share|improve this answer

That is a lot of code for the job. It can be done significantly more easily in two areas:

  • use an array instead of a queue
  • use the POSIX function, getline, which will handle lines of any size.

If you don't want to use getline (which admittedly might not have existed when K&R wrote their book), concentrate on writing its equivalent.

Here is a version that uses an allocated array or char* pointers. The array is zeroed (by calloc) so that we can tell whether the entry holds a line (which might not be so if the input is less than 10 (or the requested number of) lines.

int
tail(size_t n_lines, FILE *fp)
{
    char **lines = calloc(sizeof(char*), n_lines);
    if (!lines) {
        perror("calloc");
        return -1;
    }
    size_t size = 0;
    size_t in = 0;
    for (char *ln = 0; getline(&ln, &size, fp) > 0; in = (in + 1) % n_lines) {
        if (lines[in]) {
            free(lines[in]);
        }
        lines[in] = ln;
        ln = NULL;
        size = 0;
    }
    for (size_t i = 0; i < n_lines; ++i) {
        if (lines[in]) {
            printf("%s", lines[in]);
            free(lines[in]);
        }
        in = (in + 1) % n_lines;
    }
    free(lines);
    return 0;
}
share|improve this answer
    
size needs to be reset to 0 before you call getline again. And you need to call free(lines[in]) before you overwrite a previously-initialized (non-empty) line. –  ChrisW Mar 1 at 20:57
    
@ChrisW thanks, corrected. –  William Morris Mar 2 at 3:51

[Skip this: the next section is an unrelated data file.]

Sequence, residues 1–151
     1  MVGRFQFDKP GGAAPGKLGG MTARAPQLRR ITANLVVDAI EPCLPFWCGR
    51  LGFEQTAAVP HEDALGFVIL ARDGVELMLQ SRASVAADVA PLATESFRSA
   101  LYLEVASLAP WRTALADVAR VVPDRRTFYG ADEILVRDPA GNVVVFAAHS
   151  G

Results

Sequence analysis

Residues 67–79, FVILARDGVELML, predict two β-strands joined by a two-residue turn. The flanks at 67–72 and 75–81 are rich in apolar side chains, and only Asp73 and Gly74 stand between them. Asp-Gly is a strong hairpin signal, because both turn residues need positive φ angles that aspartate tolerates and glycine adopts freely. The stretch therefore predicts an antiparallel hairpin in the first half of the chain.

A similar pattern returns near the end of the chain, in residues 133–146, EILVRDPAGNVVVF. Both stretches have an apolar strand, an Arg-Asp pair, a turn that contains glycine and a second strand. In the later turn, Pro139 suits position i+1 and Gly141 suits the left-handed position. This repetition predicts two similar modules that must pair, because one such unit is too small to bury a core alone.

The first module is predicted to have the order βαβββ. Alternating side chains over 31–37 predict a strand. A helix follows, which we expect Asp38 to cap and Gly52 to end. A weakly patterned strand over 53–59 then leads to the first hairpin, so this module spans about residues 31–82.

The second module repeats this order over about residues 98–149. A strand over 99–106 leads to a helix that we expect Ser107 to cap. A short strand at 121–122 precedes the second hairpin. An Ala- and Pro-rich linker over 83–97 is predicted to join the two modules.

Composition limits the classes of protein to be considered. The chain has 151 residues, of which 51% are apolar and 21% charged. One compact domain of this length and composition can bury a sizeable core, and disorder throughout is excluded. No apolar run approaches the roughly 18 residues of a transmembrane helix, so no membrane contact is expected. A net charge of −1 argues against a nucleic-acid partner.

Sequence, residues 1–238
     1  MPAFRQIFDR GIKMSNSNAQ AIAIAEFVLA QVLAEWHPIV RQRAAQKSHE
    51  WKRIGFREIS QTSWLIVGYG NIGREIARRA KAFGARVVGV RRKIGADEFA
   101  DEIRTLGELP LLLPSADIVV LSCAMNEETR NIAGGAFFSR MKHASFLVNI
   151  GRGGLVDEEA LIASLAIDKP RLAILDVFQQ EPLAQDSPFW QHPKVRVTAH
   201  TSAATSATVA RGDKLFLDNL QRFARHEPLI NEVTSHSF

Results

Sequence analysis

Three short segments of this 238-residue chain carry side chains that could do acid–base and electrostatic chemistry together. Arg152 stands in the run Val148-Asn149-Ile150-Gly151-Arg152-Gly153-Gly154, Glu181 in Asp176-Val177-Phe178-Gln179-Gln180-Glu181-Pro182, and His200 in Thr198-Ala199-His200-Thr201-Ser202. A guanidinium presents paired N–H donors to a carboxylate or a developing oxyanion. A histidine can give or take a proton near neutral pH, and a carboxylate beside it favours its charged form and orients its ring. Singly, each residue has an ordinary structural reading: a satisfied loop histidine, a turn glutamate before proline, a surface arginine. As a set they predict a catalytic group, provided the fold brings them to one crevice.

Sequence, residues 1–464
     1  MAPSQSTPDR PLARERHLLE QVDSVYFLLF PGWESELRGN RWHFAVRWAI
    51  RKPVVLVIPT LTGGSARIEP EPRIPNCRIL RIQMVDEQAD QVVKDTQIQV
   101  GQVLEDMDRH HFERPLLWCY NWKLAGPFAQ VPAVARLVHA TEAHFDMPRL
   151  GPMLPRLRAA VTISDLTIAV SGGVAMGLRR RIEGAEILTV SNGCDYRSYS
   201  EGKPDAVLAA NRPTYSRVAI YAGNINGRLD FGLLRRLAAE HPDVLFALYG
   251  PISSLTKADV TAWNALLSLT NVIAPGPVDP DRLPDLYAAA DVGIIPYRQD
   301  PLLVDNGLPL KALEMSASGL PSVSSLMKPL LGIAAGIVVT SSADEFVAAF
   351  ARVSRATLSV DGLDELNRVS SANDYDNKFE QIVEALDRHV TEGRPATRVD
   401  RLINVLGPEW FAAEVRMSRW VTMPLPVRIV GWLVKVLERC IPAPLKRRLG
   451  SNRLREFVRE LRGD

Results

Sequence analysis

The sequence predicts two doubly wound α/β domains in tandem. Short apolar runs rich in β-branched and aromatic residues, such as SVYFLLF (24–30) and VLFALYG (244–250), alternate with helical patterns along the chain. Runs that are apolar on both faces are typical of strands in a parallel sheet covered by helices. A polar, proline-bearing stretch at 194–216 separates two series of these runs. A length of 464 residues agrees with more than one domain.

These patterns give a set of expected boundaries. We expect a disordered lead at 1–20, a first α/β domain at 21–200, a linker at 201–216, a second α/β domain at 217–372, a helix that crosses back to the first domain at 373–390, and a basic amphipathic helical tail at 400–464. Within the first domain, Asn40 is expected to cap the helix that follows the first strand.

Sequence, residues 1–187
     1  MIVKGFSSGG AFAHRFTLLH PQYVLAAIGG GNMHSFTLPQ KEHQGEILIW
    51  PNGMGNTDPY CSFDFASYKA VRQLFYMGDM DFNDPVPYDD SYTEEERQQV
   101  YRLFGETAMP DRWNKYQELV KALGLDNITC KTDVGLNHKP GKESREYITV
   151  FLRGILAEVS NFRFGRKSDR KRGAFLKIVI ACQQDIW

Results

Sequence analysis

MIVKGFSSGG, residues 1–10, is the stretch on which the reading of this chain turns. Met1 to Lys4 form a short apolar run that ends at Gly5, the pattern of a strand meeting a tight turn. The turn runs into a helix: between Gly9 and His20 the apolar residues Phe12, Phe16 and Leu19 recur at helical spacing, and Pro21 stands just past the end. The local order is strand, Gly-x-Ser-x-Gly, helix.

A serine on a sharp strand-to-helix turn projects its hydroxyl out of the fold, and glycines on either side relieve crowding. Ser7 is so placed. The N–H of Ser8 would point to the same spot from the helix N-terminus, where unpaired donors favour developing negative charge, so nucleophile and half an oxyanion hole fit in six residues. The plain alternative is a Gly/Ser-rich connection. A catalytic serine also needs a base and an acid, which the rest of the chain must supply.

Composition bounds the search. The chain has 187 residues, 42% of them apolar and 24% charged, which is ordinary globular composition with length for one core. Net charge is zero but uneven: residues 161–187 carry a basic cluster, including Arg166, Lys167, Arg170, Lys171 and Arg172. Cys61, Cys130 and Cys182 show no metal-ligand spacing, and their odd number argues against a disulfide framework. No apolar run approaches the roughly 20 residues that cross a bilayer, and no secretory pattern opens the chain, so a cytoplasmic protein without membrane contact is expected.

For a general tail implementation, there are two distinct cases that have very different optimal solutions:

  • When the input is seekable, you can read it backwards from the end (by seeking to the end and then repeatedly reading a block of, say, a couple of kilobytes and seeking backwards to the previous block) to find the beginning of the n-th last line, and then just read and print the content of the file starting from that position. Done properly, this will allow you to solve the problem using a constant amount of memory.

  • If the input is not seekable, you'll have to read it sequentially and buffer the n last lines you've seen so far. The task, then, is to do this as efficiently as possible.

    As the other answers have pointed out, you cannot generally assume an upper limit on the length of a line; it's quite possible to have a file with several gigabytes of text and no line breaks at all, making it all one long line. The simplest solution to this issue is probably to use POSIX getline(); if you can't or don't want to use it, you'll have to implement your own e.g. using fgets() and realloc().

    Alternatively, you could simply allocate a circular buffer to store the last k bytes of the file, while keeping track (in another circular buffer) of the starting positions of the last n lines in it. Before reading each new block of input, check if you have room to do so without overwriting the n-th last line; if not, increase (e.g. double) the buffer size with realloc().

    If you really want to optimize you code for the worst case, you could, if the buffer gets too large, even consider switching to a different storage method where you split the buffer into chunks of, say, a few megabytes each, and store each of them in an mmap()ed temp file. The main advantage of this method (over just letting the OS swap out parts of your buffer) is that you can efficiently discard old swapped-out data just by unmapping the file without having to first read it back into RAM. However, this is probably getting a bit too advanced for this exercise.

share|improve this answer

Your Answer

 
discard

By posting your answer, you agree to the privacy policy and terms of service.

Not the answer you're looking for? Browse other questions tagged or ask your own question.